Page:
Share your joys and your sorrows – let’s start talking

Share your story in the comments below. Keep it short and sweet and even gruff, but tell it like it is and how it’s experienced. We men need to talk and Northern Health wants to provide an outlet for that. So share and make it so that when people visit our site they can do so with a sense of reverence because men are talking.

Jim Coyle

About Jim Coyle

Jim is a tobacco reduction coordinator with the men’s health program, and has a background in psychiatry and care of the elderly. In former times, Jim was director of care at Simon Fraser Lodge and clinical coordinator at the Brain Injury Group. He came to Canada from Glasgow, Scotland 20 years ago and, when not at work, Jim plays in the band Out of Alba and spends time with his family.

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Partnership with UNBC Wellness Centre highlights the health of young men

In March 2011, Northern Health and the UNBC Wellness Centre developed a partnership to provide screenings to students to check their blood pressure, sugars and cholesterol as well as a pre-screening for stress and depression. The event was an overwhelming success so we decided to do it again!

Northern Health and UNBC once again came together to offer the same event during November 2012, building off the momentum from the Movember campaign. The event was made possible through the partnership of the Northern Health men’s health team, the UNBC Wellness Center, the Canadian Cancer Society, and the BC Cancer Agency.

men's health screening

A total of 123 men came through the men’s health screening at UNBC. Mustaches were complimentary!

A total of 123 men were screened over the two day event. Many more came by the event for health information, games, and a free photo with complimentary mustaches. We were hoping for a good turnout and the students did not disappoint!

We want to thank UNBC for hosting the event, as well as our partner agencies for all their work in making these great two days possible. Let’s continue to spread the word about men’s health in our communities!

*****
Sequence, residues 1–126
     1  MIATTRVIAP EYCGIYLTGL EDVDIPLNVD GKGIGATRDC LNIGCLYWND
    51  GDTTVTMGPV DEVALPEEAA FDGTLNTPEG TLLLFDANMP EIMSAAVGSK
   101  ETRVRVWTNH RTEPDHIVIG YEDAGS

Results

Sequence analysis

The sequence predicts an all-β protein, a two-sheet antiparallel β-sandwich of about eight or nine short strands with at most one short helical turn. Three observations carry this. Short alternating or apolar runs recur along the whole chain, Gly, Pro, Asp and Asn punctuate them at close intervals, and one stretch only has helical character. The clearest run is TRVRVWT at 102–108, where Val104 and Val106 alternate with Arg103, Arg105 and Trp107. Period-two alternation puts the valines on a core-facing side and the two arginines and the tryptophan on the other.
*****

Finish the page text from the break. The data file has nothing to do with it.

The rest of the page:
Visit men.northernhealth.ca for more information on men’s health and community events to support this initiative.

Brandon Grant

About Brandon Grant

As the NH men’s health coordinator, Brandon Grant travels across the Northern Health region speaking with community members about the health issues men face and what we can do to improve men’s health. He has worked with a variety of community-based organizations, including the Nawican Friendship Centre and the Northern Family Health Society, and holds two master’s degrees, one in social work and one in public administration. To stay active, Brandon enjoys playing golf and tennis, and whenever possible, visits tropical destinations to go snorkeling.

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Our Mr. Movember winner

Mr. Movember

Azreer Gill came in first place with the most votes in November’s Mr. Movember contest!

During the month of November, people all over the world promoted men’s health and prostate cancer by growing a Mo to help raise money to support prostate cancer research. The Northern Health Men’s Health program helped raise awareness by holding its first ever Mr. Movember contest to see who could grow the best Mo.

There were 11 very brave participants from across the Northern Health region.  Their pictures were posted on the men’s health website for all to see and the public voted on who had the best Mo. Each week, a new photo of each participants was put on the website to show their growing progress.

With over 4,000 votes from people picking their favourite Mo, we are pleased to announce that Azreer Gill, an NH environmental health officer from Terrace, is the winner of the first annual Mr. Movember contest.  Secondplace went to Shane Wadden, another environmental health officer from Terrace, and third went to Andrew Aucoin, Manager, Housekeeping and Laundry, from Prince George.

Thank you to everyone who voted and to all the participants! We look forward to next year.

Brandon Grant

About Brandon Grant

As the NH men’s health coordinator, Brandon Grant travels across the Northern Health region speaking with community members about the health issues men face and what we can do to improve men’s health. He has worked with a variety of community-based organizations, including the Nawican Friendship Centre and the Northern Family Health Society, and holds two master’s degrees, one in social work and one in public administration. To stay active, Brandon enjoys playing golf and tennis, and whenever possible, visits tropical destinations to go snorkeling.